Lots of love: Charity tennis match features lawmakers teaming up across the aisle

Lawmakers are working on their bipartisan backhands, prepping for a charity tennis event that’ll team them up with partners from across the aisle.

“I played twice with my kid over the Fourth, in between marching parades,” Rep. Dave Brat (R-Va.) said of his training regimen ahead of the Washington Kastles Charity Classic.

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“I’m very sore — I’m getting older but I’m getting ready anyway,” Brat said. The 53-year-old congressman is one of several members who will take on prominent journalists and sports pros at the Tuesday tennis showdown at Kastles Stadium in D.C.

Among those who will be serving up their best: Reps. Joyce BeattyJoyce Birdson BeattyDem rep says lower tax refunds are 'bad news' for the economy Dem rep says refunds are low because GOP tax policy doesn't benefit most Americans House Dems worry about lack of women of color in leadership MORE (D-Ohio), Jared HuffmanJared William HuffmanOvernight Energy: Dems dismiss Interior chief's work calendars as 'fake' | Buttigieg climate plan includes carbon tax | Poll finds growing number say climate is crucial 2020 issue Dem criticizes newest calendars for Trump Interior chief as 'fake' Human rights bill on ANWR ignores humans and their rights MORE (D-Calif.), Tom RooneyThomas (Tom) Joseph RooneyHouse Dem calls on lawmakers to 'insulate' election process following Mueller report Hill-HarrisX poll: 76 percent oppose Trump pardoning former campaign aides Dems fear Trump is looking at presidential pardons MORE (R-Fla.) and Kevin YoderKevin Wayne YoderKansas Senate race splits wide open without Pompeo Mike Pompeo to speak at Missouri-Kansas Forum amid Senate bid speculation Yoder, Messer land on K Street MORE (R-Kan.); Sen. Shelley Moore CapitoShelley Wellons Moore CapitoCongressional Women's Softball team releases roster Sinema, Gallagher fastest lawmakers in charity race Kushner, Miller talk immigration at Senate GOP lunch MORE (R-W.Va.); journalists including CNN’s Michelle Kosinski and The Hill’s Editor-in-Chief Bob Cusack; D.C. United head coach Ben Olsen; and former Sen. John Breaux (D-La.) and former Rep. Charlie DentCharles (Charlie) Wieder DentCNN celebrates correspondents' weekend with New Orleans-themed brunch The Hill's Morning Report - Government is funded, but for how long? Ex-GOP lawmaker says his party is having a 'Monty Python' moment on shutdown MORE (R-Pa.).

But some lawmakers hitting the court are trying to keep expectations low.

“I wish I had the kind of time to do the kind of prep that’s necessary, but I’m getting ready,” House Judiciary Committee Chairman Bob GoodlatteRobert (Bob) William GoodlatteTop Republican releases full transcript of Bruce Ohr interview It’s time for Congress to pass an anti-cruelty statute DOJ opinion will help protect kids from dangers of online gambling MORE (R-Va.) said.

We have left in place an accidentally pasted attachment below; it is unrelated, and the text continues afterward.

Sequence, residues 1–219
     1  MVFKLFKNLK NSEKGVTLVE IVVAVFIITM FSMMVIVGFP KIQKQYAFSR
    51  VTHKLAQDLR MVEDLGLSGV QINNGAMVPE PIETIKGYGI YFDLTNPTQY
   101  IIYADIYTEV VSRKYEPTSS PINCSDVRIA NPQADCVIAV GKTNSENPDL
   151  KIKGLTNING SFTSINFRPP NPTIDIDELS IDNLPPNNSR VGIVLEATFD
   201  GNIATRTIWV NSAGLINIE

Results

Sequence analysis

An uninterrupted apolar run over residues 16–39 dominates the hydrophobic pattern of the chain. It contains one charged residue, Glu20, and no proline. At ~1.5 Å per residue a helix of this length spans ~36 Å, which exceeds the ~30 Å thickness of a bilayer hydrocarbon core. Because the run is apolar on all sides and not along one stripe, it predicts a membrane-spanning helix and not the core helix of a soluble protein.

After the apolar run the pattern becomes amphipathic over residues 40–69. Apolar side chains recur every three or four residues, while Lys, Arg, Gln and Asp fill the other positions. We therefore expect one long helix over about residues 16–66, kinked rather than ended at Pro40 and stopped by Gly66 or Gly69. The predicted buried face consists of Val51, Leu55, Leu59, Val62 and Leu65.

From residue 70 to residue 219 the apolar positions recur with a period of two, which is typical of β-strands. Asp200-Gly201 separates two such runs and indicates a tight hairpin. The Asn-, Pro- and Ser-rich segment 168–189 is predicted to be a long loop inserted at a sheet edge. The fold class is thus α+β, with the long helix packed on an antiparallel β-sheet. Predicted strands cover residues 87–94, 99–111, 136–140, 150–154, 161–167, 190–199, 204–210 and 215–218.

Before she was elected to Congress, Rep. Cheri BustosCheryl (Cheri) Lea BustosDem rep: You can't be a Democrat if you don't support abortion, LGBTQ rights Dem facing primary challenge says he'll vote for LGBT equality bill Dem campaign leader to hold fundraiser for Lipinski next month MORE said, she played in a women’s doubles league for years. But the Illinois Democrat said she has barely gotten a chance to pick up a racket to practice since stepping foot in the House in 2013.

“The last time I played tennis was at this tournament last year, so that’s what’s bad. So I’m not expecting to be too good,” Bustos said. “I go to the gym every morning, so it’s not like … I can’t keep up or anything. I mean, I ride bikes, I do the elliptical, I lift weights.”

“But I’m not going to be good — I know that,” she added.

“What I think makes this so special, as opposed to a lot of the other congressional charity sports events around town, is at this one, we don’t play Republicans against Democrats or White House against the Hill,” Mark Ein, the Washington Kastles’s owner, told ITK.

Ein, who’s also playing at the showdown, explained that teams are mixed so that each has players from each party, as well as members of the press.

Ein said 100 percent of the proceeds from ticket sales at the sixth annual competition will be donated to a variety of local charities, including the United States Tennis Association Foundation, which provides tennis education to kids in under-resourced communities. 

The Hill is a media sponsor of the event. 

So what will tennis fans see when Congress starts swinging?

“We can expect some great tennis,” said Ein, “some not-so-great tennis, a bit of trash-talking, a lot of laughs and always a really competitive match.”